It all seems fine till now, perhaps a little contrived, but workable. This issue raised by Mozilla and Google has to with Windows on ARM.

Windows on ARM

With Windows 8 Microsoft is embracing the ARM architecture, making it possible for Windows to run on ARM-based devices.

While Windows 8 on ARM is pretty much the same as Windows 8 on traditional x86 / x86_64 chipsets, it does come with a number of additional restrictions. First of all, Windows 8 on ARM will not support the classic desktop type applications at all. The classic desktop will still be there for copying files around and browsing your computer, but it will not be possible to run any non-Metro applications even if they are compiled for ARM.

Did we say it won’t be possible to run non-Metro applications? What we mean is, you won’t be able to run non-Metro applications unless you are Microsoft. Of course these restriction don’t apply to Microsoft themselves.

Microsoft’s will still have a version of Office 2012 for Windows 8, and this will not be a Metro application, but a proper desktop application running on Windows 8 tablets. This means LibreOffice’s efforts to compete with Microsoft Office 2012 on tablets will be crippled by the fact that they will just not have the level of system access that Microsoft does.

Also, Internet Explorer 10 will run on Windows 8 tablets in Metro mode without the kind of restrictions that will affect other applications developed for Metro. In fact even if other browser vendors create crippled browsers for Metro, they can not be made the default browser, making them painful to use.

This is essentially Microsoft using their position as the creator of a platform to empower their own products. Sadly, this isn’t out of the ordinary considering that Apple restricts third party runtimes on iOS, killing any prospect of a third-party browser on the platform. Windows is a different beast though.

Why Windows is a Different Case

First of all, unlike iOS, Windows will not be restricted to the hardware developed by a single vendor. Secondly, Windows on ARM is just Windows 8, running on ARM chipsets. Unlike iOS and OSX, which are significantly different, Window 8 and Windows 8 for ARM aren’t different operating systems, in fact they can run the same Metro apps. Also important is the fact that there is only one version of Windows for ARM. This isn’t a Windows for tablets that we are talking about, it is Windows for ARM.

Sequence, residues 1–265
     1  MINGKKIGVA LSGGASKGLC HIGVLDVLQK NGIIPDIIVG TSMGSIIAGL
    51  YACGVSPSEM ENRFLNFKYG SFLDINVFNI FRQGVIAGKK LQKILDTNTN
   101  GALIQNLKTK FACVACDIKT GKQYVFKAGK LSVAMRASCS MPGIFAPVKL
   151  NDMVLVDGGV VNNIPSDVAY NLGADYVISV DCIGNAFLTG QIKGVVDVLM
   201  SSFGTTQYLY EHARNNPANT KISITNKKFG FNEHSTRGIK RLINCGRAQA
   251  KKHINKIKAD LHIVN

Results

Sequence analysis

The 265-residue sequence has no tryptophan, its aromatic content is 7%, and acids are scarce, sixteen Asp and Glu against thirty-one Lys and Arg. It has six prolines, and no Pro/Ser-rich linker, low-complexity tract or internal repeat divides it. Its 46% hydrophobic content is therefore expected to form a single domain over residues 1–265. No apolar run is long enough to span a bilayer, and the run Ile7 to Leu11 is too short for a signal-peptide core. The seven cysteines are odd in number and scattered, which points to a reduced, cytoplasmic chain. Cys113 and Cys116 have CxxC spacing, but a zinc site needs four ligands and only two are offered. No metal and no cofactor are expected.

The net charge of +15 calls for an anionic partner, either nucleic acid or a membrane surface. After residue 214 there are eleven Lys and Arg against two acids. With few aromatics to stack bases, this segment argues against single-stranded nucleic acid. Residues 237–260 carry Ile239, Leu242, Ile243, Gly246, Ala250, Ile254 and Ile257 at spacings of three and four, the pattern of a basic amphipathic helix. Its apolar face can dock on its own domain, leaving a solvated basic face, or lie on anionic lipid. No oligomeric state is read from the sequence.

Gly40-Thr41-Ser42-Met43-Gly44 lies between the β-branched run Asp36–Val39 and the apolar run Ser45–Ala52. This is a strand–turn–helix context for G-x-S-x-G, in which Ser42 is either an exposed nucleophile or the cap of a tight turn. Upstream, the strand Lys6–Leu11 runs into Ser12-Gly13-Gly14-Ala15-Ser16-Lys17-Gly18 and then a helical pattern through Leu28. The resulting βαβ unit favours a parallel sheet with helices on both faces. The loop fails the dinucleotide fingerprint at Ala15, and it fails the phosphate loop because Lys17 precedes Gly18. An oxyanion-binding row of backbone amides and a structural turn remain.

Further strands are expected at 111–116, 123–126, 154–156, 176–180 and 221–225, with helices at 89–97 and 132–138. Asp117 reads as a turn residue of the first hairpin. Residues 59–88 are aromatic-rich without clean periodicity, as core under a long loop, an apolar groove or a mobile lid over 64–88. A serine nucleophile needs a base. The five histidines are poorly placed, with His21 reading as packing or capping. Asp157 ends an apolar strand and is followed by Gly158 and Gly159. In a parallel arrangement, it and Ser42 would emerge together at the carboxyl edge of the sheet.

ARM chipsets are becoming increasingly capable, and you will find them in servers and notebooks as well. Just like we have ARM tablets, there will undoubtedly be x86-based tablets. Those will run a less restricted version of Windows 8. So why should a version of Windows be arbitrarily restricted based on architecture? Why can’t Microsoft create a similar workaround for ARM as they have for x86?

This is especially strange coming from Microsoft which has already been convicted for doing similar things with IE and Windows in the past. On ARM Microsoft’s operating system does not have a monopoly, or even a presence as of now. However considering that Windows is the same OS whether on x86 or ARM, this move is a little surprising, and a matter of concern.

Mozilla and Google have already weighed in in this matter, and they are obviously not happy with these restrictions.

If Microsoft does choose to stick to the no third-party browsers on ARM policy, other browser will have a hard time competing on tablets since they will be crippled with poor performance compared to the modern Internet Explorer 10 browser.